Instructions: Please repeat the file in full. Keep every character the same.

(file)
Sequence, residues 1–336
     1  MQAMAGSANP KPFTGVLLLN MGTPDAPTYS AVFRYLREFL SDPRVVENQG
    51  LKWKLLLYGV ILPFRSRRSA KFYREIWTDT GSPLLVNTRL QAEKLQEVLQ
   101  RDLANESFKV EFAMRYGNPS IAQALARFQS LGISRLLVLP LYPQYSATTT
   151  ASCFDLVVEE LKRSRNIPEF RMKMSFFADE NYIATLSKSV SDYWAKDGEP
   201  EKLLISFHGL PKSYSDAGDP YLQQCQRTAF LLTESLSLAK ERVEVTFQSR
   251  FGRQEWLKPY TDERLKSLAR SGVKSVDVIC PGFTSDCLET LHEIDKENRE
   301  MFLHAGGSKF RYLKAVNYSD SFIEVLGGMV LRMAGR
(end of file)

Sequence, residues 1–336
     1  MQAMAGSANP KPFTGVLLLN MGTPDAPTYS AVFRYLREFL SDPRVVENQG
    51  LKWKLLLYGV ILPFRSRRSA KFYREIWTDT GSPLLVNTRL QAEKLQEVLQ
   101  RDLANESFKV EFAMRYGNPS IAQALARFQS LGISRLLVLP LYPQYSATTT
   151  ASCFDLVVEE LKRSRNIPEF RMKMSFFADE NYIATLSKSV SDYWAKDGEP
   201  EKLLISFHGL PKSYSDAGDP YLQQCQRTAF LLTESLSLAK ERVEVTFQSR
   251  FGRQEWLKPY TDERLKSLAR SGVKSVDVIC PGFTSDCLET LHEIDKENRE
   301  MFLHAGGSKF RYLKAVNYSD SFIEVLGGMV LRMAGR